4. Jake McCabe (2 years remaining at $2 million): B+

It almost feels criminal to put McCabe on the bottom half of this list, considering how important his role with the team was, so I’m going to give him a tie with Acciari. A physical, defensive-minded defenseman standing at 6-foot-1 and 204 pounds is exactly what the Maple Leafs were missing on the left side of their defensive corps in the absence of Jake Muzzin, and for the most part, he delivered.
McCabe ate up some heavy minutes with the Maple Leafs in the playoffs, averaging over 20 minutes a night alongside T.J. Brodie. You can imagine he was driven to make an impact, given the fact that he was a veteran of over 500 regular season games without a single game in the postseason. He made some panicked plays at certain points and occasionally found himself out of position, but overall, he did everything they acquired him to do.
Even if his on-ice play had some kinks, his contract makes up for it in a big way. He’s under contract for the next two years at a cap hit of only $2 million per year thanks to the magic of salary retention, so his role in Toronto will remain a big one for the next two years.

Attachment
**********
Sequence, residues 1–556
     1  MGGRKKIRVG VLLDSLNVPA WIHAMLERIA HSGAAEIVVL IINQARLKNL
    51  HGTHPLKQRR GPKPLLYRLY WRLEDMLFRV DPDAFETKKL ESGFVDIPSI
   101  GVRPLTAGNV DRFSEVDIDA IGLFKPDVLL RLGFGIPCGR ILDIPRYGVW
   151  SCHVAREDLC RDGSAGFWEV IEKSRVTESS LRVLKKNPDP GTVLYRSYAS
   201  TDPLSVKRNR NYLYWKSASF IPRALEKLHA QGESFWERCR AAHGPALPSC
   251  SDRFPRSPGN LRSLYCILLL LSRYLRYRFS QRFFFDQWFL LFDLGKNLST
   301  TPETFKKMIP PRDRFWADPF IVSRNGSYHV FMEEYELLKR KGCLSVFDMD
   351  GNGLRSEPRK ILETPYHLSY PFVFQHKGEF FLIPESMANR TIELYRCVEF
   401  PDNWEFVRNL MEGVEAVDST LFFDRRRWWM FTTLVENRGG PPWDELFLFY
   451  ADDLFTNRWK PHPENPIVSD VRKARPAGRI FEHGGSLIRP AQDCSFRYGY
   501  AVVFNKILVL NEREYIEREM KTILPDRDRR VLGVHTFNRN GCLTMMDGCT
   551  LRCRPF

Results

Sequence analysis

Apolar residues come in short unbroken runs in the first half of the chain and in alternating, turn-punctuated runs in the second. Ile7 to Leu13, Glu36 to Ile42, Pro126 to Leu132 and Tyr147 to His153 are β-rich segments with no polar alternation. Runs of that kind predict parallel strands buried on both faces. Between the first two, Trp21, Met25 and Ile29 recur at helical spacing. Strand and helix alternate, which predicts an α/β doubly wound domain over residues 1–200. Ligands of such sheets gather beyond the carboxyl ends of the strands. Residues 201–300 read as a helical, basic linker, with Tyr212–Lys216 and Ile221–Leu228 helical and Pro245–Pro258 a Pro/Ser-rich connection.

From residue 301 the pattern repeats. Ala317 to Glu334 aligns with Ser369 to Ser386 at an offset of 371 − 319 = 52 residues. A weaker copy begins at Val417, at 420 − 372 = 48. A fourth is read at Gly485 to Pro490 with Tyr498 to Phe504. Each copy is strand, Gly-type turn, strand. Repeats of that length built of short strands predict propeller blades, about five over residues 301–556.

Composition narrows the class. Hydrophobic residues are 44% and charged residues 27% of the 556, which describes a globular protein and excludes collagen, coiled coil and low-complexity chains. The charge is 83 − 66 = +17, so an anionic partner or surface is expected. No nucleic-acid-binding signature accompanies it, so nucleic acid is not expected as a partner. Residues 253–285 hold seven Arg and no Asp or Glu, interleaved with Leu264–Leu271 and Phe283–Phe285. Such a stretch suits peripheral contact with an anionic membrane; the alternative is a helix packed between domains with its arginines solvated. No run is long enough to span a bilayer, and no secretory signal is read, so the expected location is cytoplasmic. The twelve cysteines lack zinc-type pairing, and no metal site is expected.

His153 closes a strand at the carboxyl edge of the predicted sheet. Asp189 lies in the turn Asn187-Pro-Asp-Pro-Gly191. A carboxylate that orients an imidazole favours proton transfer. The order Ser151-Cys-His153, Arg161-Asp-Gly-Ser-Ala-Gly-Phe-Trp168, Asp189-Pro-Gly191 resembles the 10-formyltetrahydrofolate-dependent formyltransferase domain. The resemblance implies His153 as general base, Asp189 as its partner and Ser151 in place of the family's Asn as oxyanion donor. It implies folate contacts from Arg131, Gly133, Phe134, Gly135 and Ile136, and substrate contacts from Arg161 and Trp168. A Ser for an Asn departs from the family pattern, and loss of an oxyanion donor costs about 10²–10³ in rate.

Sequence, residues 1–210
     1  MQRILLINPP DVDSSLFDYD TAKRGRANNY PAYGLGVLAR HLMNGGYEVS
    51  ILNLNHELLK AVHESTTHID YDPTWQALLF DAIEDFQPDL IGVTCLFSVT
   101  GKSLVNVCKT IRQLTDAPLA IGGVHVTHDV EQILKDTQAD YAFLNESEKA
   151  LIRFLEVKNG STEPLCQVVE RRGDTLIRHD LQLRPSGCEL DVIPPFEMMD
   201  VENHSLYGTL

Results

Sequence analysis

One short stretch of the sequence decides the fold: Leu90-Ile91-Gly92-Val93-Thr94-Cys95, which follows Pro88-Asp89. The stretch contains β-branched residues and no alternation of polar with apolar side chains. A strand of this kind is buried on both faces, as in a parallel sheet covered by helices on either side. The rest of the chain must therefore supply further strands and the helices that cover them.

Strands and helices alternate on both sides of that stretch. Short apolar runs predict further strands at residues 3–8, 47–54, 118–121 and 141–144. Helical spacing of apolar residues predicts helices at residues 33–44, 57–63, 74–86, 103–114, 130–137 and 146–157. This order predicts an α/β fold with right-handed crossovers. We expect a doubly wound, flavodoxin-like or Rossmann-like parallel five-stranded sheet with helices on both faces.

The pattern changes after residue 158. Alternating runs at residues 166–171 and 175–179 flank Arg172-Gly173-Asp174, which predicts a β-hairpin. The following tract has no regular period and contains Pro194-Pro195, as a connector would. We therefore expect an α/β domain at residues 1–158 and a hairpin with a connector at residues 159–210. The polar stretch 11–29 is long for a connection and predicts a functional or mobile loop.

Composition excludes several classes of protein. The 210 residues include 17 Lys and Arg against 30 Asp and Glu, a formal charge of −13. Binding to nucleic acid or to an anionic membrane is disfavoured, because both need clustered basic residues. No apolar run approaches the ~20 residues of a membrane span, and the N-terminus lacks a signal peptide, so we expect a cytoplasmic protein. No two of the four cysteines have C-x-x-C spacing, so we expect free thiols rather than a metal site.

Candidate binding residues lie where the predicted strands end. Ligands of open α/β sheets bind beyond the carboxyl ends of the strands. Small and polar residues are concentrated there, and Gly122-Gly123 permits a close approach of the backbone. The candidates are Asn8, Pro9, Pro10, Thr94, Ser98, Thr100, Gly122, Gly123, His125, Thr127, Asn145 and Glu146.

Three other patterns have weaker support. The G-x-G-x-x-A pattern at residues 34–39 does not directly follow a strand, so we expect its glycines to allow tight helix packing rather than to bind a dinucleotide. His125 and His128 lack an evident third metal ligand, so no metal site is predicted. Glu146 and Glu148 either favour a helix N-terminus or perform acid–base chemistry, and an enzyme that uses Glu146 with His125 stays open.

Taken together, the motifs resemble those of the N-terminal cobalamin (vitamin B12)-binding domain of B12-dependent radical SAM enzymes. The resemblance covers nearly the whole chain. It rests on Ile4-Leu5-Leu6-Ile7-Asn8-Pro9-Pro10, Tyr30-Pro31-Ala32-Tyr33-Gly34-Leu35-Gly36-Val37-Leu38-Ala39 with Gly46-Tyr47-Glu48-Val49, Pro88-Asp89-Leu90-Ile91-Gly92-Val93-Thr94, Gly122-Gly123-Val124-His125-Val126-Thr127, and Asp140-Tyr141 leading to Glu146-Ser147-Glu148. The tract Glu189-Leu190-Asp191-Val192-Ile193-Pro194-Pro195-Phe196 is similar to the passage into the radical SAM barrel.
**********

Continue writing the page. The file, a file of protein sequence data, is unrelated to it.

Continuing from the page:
5. Sam Lafferty (1 year remaining at $1.15 million): C+

Acquired in the deal with McCabe, Lafferty was the Acciari to his O’Reilly (if that makes any sense). Point is, he was a nice compliment to a trade for somebody who had bigger expectations. A speedy forward having somewhat of a breakout year in his second season with the Chicago Blackhawks, he was acquired with the task of doing pretty much the same thing that Acciari was acquired to do, carrying the edge in speed while Acciari had the edge in physicality.